2. Rich people are “job creators.”

This is the old “trickle-down” idea -- that if you give enough money to the already-rich eventually some of that money will trickle down to the rest of us. This is also called the “getting peed on” theory of economics.

The basis of this thinking comes from thetheories of Ayn Rand, who argued that society consists of “producers” and “parasites.” Rand’s fundamentally anti-democratic ideology says that democracy is a form of “collectivism” in which people who don’t want to work and produce use their numbers to steal from a gifted few who are the “producers” of goods and services. Rand’s followers claim that wealthy people are rich because they “produce.” The rest of us are “parasites” who “take money” from the productive rich, by taxing them. This revenue is “redistributed” to the parasites to pay for our “entitlements.”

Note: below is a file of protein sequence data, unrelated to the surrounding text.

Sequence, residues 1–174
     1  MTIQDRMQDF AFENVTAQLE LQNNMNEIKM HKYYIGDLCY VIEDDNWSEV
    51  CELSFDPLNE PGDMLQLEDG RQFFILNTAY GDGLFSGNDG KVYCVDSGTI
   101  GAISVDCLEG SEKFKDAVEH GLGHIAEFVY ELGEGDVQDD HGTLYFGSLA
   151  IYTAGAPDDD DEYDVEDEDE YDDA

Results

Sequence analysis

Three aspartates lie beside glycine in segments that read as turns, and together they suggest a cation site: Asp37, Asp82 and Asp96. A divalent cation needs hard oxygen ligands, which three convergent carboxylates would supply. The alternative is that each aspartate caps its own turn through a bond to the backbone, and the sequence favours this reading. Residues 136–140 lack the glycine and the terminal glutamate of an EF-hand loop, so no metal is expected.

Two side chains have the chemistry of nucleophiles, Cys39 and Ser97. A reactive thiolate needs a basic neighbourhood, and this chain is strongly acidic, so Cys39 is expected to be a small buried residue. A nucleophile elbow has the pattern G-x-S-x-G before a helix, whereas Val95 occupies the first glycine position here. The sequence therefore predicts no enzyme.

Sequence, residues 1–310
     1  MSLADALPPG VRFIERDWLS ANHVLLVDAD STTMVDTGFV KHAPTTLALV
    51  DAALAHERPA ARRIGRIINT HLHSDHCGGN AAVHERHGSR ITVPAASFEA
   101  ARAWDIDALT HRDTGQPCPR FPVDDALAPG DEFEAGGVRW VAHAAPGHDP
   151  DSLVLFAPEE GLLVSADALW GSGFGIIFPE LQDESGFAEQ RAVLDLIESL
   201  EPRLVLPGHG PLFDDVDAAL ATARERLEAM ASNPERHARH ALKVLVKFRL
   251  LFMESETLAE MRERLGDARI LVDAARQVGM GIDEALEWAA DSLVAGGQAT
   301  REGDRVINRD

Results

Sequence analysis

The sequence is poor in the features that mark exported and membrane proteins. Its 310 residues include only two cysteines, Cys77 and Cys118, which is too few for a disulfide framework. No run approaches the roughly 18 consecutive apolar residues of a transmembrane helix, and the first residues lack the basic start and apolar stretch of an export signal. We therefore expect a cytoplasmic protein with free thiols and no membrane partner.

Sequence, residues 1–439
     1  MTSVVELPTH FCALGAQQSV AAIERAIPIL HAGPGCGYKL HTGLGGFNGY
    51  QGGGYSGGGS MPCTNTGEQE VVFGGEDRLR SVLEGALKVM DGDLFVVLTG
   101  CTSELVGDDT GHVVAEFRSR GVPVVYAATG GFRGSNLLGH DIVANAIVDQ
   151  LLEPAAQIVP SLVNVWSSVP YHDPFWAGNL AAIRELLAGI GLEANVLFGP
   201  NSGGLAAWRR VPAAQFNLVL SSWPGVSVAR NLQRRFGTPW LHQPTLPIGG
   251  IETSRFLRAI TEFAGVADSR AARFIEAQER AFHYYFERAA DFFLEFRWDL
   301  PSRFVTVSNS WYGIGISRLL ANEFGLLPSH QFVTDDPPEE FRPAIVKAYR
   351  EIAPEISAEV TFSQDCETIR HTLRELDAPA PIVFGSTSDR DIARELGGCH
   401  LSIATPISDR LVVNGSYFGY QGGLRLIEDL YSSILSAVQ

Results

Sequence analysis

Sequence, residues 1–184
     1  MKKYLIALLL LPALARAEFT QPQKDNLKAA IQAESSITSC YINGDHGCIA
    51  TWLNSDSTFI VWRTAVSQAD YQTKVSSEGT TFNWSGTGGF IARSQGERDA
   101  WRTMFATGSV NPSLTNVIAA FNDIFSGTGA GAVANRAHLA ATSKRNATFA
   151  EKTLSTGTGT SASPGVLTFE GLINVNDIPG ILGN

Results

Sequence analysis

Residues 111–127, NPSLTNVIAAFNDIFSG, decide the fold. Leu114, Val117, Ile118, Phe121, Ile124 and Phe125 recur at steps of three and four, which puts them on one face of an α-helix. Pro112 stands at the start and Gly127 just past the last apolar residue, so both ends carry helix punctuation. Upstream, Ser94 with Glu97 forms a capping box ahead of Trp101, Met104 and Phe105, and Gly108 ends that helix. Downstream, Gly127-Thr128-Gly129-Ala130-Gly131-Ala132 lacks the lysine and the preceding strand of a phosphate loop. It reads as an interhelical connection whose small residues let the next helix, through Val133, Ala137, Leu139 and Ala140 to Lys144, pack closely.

They say that if wealthy people have more money they will use that money to start businesses and hire people. But anyone with a real business will tell you that people coming in the door and buying things is what creates jobs. In a real economy, people wanting to buy things – demand – is what causes businesses to form and people to be hired.

History – and a quick look around us today – shows that when all the money goes to a few at the top demand from the rest of us dries up and everything breaks down.  Taxing the people at the top and reinvesting the money into the democratic society is fundamental to keeping things going.

3. Government and taxes take money out of the economy.

Yes, they actually say that government and taxes “take money out of the economy.” They argue that the money government collects is a) pocketed by politicians; or b) stuffed under a giant mattress; or c) is just wasted.